Otis Boykin's work on improved electrical resistors made possible the steady workings of a wide variety of electrical devices. Variations of his resistor technologies are used in televisions, radios, computers, pacemakers, and guided missiles.
In 1959, Boykin invented his wire precision resistor and two years later invented an improved version that could withstand extreme changes in temperature and pressure. It was cheaper and more reliable than previous types and was in demand by the U.S. military, IBM, and other high-tech organizations. In 1964, he developed a control unit for pacemakers making possible their precise regulation. The advances made by Boykin meant many electronic devices could be made cheaper and more reliable than previously possible. His resistors were quickly incorporated into many products ranging from common household goods to complex military technology that are still used throughout the world today.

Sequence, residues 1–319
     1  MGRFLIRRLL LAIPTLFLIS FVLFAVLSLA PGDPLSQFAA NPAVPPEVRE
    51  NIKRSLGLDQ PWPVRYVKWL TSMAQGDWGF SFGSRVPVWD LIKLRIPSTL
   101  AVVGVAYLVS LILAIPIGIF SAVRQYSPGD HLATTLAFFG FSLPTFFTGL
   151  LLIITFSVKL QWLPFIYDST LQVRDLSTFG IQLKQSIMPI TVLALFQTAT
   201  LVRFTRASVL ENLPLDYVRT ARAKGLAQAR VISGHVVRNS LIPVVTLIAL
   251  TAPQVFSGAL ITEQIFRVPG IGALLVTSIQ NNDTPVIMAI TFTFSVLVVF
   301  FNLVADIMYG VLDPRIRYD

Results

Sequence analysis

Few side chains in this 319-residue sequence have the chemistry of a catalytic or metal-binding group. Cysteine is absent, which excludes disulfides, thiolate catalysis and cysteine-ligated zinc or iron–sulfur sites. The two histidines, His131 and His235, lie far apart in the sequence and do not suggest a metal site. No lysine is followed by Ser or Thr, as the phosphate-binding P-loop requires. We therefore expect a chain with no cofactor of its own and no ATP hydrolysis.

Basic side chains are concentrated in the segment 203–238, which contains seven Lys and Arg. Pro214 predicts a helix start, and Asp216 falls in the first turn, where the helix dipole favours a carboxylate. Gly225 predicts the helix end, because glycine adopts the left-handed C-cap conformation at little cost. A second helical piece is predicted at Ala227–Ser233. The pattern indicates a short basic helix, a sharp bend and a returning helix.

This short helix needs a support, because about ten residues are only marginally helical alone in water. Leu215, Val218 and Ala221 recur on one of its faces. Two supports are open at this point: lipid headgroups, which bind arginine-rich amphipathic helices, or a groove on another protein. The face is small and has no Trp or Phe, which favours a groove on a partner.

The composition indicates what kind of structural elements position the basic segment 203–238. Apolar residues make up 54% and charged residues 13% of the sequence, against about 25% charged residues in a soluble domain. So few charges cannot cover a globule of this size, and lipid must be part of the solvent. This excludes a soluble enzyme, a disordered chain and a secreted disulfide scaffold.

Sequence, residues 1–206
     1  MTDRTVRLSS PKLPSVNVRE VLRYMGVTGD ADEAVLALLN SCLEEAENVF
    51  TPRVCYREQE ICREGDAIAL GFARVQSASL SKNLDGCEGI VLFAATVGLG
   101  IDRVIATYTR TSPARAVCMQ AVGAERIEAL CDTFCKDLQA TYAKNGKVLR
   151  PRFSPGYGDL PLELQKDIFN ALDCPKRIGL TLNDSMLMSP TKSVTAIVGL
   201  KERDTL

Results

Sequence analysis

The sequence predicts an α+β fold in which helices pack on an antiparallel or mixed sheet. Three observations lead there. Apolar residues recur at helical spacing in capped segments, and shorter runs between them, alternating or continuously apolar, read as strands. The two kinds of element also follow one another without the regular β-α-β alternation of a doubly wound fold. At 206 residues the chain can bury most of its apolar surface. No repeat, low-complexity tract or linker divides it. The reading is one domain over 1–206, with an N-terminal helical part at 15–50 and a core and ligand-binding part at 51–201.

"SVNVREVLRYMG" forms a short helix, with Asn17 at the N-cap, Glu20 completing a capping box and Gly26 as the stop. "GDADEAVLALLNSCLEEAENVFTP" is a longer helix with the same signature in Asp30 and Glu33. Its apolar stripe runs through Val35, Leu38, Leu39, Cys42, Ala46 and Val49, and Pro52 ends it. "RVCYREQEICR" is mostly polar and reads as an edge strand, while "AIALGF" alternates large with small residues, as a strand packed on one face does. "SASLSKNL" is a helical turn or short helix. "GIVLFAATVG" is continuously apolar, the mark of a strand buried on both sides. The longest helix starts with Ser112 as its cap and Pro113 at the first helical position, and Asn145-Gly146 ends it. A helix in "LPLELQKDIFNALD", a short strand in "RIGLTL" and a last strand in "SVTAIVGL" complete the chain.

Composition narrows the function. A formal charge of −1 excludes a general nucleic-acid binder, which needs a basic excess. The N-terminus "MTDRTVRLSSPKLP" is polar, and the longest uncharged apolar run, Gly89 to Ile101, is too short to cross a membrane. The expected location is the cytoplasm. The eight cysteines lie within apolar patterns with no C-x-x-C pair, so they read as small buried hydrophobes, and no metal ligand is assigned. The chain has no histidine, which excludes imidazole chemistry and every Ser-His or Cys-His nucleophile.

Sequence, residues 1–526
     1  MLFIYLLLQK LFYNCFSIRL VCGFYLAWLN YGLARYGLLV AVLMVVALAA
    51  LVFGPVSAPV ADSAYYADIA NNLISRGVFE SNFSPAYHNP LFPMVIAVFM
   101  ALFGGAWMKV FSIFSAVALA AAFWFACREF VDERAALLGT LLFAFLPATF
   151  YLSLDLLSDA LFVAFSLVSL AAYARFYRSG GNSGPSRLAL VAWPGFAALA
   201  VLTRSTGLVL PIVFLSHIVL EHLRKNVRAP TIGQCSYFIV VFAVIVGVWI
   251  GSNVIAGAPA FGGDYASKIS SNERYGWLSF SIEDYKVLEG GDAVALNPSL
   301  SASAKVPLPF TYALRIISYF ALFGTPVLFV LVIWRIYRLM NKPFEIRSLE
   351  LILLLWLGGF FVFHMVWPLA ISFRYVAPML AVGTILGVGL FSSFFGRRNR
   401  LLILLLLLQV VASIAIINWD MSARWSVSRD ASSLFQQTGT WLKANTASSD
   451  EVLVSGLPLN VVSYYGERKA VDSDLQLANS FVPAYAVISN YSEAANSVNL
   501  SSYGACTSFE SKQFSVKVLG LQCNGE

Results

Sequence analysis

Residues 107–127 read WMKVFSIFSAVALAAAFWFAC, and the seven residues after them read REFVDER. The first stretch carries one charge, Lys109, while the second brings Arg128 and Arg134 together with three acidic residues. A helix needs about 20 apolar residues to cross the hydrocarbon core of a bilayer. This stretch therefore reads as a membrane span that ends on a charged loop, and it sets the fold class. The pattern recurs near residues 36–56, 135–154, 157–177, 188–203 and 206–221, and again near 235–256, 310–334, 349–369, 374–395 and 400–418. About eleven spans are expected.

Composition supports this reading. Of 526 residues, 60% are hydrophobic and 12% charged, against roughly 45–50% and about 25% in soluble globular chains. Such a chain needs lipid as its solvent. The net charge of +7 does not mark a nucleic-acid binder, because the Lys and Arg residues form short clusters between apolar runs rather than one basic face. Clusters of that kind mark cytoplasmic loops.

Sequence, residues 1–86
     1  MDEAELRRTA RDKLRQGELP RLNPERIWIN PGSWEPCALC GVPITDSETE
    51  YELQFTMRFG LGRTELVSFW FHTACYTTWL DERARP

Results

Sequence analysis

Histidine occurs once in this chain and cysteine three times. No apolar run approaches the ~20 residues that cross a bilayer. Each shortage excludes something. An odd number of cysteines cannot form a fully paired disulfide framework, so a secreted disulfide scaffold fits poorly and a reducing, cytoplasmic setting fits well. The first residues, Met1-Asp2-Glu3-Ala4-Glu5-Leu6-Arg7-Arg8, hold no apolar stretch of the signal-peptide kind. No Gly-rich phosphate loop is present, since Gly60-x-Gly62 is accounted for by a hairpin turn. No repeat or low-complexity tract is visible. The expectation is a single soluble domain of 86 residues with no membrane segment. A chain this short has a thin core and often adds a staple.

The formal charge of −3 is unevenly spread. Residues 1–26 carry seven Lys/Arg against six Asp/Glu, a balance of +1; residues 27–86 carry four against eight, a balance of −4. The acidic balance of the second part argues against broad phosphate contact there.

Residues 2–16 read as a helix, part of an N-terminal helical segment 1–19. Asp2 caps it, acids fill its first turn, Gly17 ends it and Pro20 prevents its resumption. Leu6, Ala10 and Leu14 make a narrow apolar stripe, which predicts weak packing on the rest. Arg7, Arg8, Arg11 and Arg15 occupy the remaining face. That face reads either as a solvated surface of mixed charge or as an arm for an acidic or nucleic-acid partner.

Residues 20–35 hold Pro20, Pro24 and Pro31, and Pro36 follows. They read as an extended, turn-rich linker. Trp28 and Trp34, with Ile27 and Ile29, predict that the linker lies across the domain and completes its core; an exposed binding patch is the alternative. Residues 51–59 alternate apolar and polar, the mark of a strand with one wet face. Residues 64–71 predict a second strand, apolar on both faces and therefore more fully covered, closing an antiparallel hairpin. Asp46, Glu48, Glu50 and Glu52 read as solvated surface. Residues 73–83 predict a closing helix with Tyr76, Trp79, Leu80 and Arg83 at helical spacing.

As a young man, Boykin worked as a laboratory assistant in an aviation laboratory. He attended Fisk University and then the Illinois Institute of Technology, subsequently working for several electronic manufacturing firms where he developed a talent for devising highly reliable electronic components.